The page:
by Bethany Augliere Thursday, July 28, 2016
[Spoiler Alert: This review reveals key plot points of the movie.]
After a three-year wait by anxious fans, “Star Trek Beyond” hit theaters nationwide July 22. The third installment of the latest series of “Star Trek” movies, directed by Justin Lin and co-written by Simon Pegg, features more than two hours of action, stunning scenery and witty banter among the USS Enterprise crew — plus a bit of geology.
The film begins with a slow pan across the Enterprise traveling through space as James Kirk, played by Chris Pine, narrates an entry into the captain’s log. Despite his usual self-assuredness, Kirk feels lost in his role as a Starfleet captain and disheartened with the “episodic” feeling of their mission. The crew is 966 days into a five-year voyage to explore space when they stop at the impressive floating starbase, Yorktown, to restock their supplies. There, we learn that Spock, played by Zachary Quinto, is also considering leaving Starfleet and has ended his relationship with Lt. Uhura, played by Zoe Saldana.
But before they have a chance to talk with one another, Kirk, Spock and the rest of the crew are dispatched on a rescue mission to Altamid, a planet in an unexplored nebula nearby. A surprise attack leaves the crew scattered and stranded in unfamiliar territory. Not only are they lost to themselves, now they are lost to each other. The question is: Can they find their way back?
On Altamid, viewers get their first sense of the geology in “Star Trek Beyond.” The crew land on different parts of the planet, where, along with the characters, the audience glimpses craggy peaks, moss-covered boulders among towering trees, and gold-encrusted rocks. “I really liked all the visuals,” says Kayla Iacovino, an avid “Star Trek” fan and volcanologist with the U.S. Geological Survey in Menlo Park, Calif., who says she plans to rewatch the film to ponder the hypothetical geologic processes that might have created the scenery.
Jessica Ball, a geologist also with the USGS in Menlo Park, Calif., also enjoyed the landscape, which reminded her of iconic Trek settings in other films. But she isn’t convinced by the gold rocks. “Those are visually very striking but not where you would find gold in general,” she says, which is typically found in cracks of pegmatite rocks. “You probably wouldn’t just find it spray-painted on the rocks,” she adds.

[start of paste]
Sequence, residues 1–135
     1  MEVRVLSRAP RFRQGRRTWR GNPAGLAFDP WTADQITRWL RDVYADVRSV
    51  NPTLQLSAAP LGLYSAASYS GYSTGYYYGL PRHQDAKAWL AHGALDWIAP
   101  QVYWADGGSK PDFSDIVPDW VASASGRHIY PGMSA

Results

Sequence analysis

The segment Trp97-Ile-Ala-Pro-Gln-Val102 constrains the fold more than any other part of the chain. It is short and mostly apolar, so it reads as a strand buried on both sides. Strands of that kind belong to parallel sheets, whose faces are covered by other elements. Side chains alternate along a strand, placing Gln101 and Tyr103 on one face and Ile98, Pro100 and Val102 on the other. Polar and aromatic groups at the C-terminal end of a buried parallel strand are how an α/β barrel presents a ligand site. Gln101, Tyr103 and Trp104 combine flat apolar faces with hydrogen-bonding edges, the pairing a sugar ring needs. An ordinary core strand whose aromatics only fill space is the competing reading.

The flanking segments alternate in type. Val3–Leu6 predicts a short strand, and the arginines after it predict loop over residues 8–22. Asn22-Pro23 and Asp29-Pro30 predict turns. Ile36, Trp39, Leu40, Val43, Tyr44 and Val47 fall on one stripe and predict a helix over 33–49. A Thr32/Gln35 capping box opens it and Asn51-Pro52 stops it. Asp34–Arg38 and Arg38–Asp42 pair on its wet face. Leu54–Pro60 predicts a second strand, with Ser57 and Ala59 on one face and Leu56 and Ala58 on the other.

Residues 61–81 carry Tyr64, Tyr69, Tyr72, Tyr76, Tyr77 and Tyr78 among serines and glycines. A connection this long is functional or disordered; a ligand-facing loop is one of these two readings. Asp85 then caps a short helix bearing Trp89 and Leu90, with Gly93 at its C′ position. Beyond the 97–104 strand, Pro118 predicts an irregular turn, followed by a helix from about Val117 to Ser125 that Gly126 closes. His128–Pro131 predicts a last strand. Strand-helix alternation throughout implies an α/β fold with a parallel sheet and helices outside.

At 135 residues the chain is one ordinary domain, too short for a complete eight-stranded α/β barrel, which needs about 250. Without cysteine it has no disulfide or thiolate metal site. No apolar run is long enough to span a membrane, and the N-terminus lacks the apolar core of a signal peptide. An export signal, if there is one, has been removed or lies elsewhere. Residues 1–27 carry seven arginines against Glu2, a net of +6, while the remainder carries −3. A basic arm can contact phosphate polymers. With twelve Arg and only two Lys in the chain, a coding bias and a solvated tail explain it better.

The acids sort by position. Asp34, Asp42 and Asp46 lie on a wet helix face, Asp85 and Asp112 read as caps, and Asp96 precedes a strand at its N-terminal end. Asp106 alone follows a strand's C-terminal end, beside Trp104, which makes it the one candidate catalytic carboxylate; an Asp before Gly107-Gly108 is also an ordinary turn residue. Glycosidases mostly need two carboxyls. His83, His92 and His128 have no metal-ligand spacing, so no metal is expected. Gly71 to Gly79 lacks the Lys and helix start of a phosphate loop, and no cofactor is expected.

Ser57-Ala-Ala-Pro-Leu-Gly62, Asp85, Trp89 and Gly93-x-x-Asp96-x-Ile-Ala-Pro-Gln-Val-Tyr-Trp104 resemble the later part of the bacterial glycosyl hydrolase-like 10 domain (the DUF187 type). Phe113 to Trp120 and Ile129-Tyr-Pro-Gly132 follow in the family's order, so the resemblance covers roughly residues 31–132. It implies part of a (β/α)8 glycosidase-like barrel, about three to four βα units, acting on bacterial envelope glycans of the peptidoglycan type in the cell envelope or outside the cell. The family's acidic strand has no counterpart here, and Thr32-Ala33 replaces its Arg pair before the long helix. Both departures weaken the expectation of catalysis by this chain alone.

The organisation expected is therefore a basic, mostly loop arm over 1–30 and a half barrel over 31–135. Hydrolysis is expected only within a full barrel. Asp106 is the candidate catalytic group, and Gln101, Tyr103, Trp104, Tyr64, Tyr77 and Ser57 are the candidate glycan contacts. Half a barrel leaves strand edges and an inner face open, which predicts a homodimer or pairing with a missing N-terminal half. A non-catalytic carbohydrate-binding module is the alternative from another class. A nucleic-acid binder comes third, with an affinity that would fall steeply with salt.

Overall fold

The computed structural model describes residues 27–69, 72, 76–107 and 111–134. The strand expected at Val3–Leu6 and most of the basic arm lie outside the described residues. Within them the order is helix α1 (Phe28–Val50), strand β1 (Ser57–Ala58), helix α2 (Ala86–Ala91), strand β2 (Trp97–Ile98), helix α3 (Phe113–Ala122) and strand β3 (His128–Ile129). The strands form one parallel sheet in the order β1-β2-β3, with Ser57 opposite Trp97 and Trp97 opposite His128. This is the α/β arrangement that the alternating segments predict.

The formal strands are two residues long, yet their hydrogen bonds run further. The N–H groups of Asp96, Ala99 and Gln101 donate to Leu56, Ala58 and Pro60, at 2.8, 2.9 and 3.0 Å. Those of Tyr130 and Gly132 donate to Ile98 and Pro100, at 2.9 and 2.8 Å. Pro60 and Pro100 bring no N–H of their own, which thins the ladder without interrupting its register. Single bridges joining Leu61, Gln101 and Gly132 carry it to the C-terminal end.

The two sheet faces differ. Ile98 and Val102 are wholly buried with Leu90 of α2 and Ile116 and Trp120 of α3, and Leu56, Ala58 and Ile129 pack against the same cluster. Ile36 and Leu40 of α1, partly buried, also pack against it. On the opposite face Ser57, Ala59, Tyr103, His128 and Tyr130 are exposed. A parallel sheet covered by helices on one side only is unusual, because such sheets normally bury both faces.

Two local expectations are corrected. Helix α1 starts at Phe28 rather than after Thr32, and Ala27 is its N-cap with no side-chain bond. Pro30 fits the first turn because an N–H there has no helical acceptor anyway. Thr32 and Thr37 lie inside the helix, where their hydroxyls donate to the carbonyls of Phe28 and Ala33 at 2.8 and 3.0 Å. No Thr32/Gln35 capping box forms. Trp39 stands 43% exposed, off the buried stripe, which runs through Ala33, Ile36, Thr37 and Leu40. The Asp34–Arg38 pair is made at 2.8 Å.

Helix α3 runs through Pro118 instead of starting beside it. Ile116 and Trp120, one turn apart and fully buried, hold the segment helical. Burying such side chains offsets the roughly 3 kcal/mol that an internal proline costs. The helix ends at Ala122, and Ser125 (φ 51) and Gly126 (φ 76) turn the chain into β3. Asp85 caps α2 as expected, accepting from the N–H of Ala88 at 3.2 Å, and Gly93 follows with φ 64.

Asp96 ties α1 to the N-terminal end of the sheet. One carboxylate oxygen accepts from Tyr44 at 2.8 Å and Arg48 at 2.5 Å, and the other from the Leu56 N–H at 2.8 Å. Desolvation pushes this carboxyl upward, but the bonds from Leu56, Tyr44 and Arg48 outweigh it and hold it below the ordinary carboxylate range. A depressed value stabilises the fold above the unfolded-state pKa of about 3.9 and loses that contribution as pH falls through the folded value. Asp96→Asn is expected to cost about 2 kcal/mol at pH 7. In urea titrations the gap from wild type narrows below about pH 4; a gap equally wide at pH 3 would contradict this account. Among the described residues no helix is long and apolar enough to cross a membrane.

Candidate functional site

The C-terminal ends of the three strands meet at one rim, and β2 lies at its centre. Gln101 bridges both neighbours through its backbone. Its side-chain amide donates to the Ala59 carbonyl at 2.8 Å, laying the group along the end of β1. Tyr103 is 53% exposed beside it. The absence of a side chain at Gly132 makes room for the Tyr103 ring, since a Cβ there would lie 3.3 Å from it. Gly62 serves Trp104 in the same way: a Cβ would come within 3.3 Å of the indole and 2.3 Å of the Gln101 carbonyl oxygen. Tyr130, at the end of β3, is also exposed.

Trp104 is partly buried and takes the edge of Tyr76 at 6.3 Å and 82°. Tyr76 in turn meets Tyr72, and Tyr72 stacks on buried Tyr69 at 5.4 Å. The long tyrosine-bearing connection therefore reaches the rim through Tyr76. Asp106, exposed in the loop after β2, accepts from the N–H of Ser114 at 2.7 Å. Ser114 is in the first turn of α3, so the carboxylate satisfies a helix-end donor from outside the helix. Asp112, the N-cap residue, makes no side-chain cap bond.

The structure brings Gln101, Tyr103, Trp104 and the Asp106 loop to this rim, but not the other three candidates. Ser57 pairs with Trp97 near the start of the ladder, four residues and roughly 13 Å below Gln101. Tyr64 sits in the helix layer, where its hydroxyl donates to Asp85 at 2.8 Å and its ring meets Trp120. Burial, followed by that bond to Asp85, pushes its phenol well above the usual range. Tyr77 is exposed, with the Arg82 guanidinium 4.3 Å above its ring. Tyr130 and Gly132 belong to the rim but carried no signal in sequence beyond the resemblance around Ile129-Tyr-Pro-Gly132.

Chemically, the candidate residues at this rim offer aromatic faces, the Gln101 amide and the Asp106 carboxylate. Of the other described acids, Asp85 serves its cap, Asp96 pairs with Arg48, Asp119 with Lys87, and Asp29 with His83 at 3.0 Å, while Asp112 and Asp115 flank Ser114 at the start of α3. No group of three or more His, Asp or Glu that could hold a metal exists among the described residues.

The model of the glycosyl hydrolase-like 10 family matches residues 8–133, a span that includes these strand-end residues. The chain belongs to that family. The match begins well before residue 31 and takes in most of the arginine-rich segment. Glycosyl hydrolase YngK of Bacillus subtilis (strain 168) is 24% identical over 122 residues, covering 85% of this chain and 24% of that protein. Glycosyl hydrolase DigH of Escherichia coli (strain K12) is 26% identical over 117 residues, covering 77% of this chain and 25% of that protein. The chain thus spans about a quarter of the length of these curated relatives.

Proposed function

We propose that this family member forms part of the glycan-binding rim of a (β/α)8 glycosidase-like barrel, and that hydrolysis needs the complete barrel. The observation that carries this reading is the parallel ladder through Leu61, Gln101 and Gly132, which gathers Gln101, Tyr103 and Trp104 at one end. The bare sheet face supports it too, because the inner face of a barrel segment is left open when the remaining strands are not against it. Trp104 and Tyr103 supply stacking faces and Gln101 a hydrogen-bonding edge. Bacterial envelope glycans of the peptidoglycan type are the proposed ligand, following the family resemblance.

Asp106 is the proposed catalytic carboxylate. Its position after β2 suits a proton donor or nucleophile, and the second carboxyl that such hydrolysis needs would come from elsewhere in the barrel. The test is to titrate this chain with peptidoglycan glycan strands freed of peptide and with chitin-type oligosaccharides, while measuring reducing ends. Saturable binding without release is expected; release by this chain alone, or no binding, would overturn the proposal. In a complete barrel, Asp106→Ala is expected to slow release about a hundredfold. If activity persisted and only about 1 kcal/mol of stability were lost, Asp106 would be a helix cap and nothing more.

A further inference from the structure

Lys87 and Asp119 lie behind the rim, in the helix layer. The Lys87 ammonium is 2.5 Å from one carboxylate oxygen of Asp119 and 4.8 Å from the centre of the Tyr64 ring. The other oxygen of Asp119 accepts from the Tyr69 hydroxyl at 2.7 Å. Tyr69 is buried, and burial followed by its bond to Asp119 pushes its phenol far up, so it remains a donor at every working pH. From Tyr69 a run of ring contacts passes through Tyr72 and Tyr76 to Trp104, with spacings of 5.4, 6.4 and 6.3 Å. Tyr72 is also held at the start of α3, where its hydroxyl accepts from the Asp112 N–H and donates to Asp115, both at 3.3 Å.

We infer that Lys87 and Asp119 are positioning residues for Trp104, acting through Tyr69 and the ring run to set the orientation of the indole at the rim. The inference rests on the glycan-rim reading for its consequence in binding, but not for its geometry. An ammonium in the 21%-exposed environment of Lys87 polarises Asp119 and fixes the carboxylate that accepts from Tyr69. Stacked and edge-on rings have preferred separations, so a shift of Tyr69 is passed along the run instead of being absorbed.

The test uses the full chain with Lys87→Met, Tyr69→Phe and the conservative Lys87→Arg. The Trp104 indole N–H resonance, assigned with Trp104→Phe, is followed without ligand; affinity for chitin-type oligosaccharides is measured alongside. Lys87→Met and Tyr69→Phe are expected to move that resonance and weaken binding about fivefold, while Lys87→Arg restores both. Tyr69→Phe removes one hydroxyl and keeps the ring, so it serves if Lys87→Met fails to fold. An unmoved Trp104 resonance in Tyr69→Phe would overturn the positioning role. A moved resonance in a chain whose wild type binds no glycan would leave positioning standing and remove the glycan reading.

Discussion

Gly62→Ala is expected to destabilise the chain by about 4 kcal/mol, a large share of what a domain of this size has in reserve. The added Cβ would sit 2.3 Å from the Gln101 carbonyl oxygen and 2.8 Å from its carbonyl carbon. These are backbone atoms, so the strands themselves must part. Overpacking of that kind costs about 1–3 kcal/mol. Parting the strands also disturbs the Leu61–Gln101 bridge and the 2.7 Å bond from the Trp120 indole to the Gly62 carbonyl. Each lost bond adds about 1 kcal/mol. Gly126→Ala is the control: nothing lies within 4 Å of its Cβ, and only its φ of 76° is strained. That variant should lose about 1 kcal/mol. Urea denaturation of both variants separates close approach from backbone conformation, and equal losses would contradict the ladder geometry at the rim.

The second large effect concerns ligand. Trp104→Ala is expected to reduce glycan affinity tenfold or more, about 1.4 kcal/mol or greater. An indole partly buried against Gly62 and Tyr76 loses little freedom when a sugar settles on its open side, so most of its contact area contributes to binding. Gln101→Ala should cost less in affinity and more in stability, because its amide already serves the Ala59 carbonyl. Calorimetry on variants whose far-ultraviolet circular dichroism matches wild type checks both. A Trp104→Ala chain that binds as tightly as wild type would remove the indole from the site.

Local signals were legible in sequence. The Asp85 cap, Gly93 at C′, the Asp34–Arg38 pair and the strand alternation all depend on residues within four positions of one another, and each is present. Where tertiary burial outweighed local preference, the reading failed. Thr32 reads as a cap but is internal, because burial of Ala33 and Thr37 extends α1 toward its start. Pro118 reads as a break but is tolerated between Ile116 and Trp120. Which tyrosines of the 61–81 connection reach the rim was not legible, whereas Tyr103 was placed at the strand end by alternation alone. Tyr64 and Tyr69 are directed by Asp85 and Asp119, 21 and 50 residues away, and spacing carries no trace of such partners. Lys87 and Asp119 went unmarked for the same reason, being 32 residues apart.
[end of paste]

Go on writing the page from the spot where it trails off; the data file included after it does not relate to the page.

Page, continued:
Another bit of geology that factors into the plotline in “Beyond” involves jewelry. Uhura wears a necklace — given to her by Spock and which belonged to his late mother — that contains a fragment of a radioactive mineral found only on his home planet of Vulcan. “The idea that there is this one mineral that you are only going to find on one planet is not all that far-fetched,” Ball says. “A lot of really rare minerals on Earth [are found only in] one locality or one mine.”
Overall, “Star Trek Beyond” is a fun summer blockbuster with a rare combination of well-motivated characters (minus one baddie) and action. Fans both old and new will likely enjoy seeing beloved characters return to the screen, reviving rivalries and friendships — particularly the amiable sparring between Spock and Dr. McCoy, played by Karl Urban.
The weakest point of “Star Trek Beyond” may be the underdeveloped and predictable villain, Krall, played by Idris Elba. At times, his speech is difficult to understand, and his motivations — disappointingly similar to villains in previous “Star Trek” installments, Ball says — are unclear until the end of the film. Fortunately, another new character helps compensate and add depth to the story — Jaylah, played by Sofia Boutella. Jaylah meets Scotty, played by Simon Pegg, after the Enterprise crashes on Altamid, becoming an ally in the crew’s fight against Krall. Jaylah is resourceful, clever and brave. “I thought she was fantastic,” Iacovino says. “I’m so happy the film has such a strong female role model.”
At its core, the “Star Trek” franchise, which is celebrating its 50th anniversary this year, is about exploration and the pursuit of learning to better mankind, Iacovino says. The film’s geology may be minor, but it’s interesting. “‘Star Trek” has always been really good at inspiring people to go into careers in STEM [science, technology, engineering and mathematics]," she says. “Hopefully, this one will do that too.”
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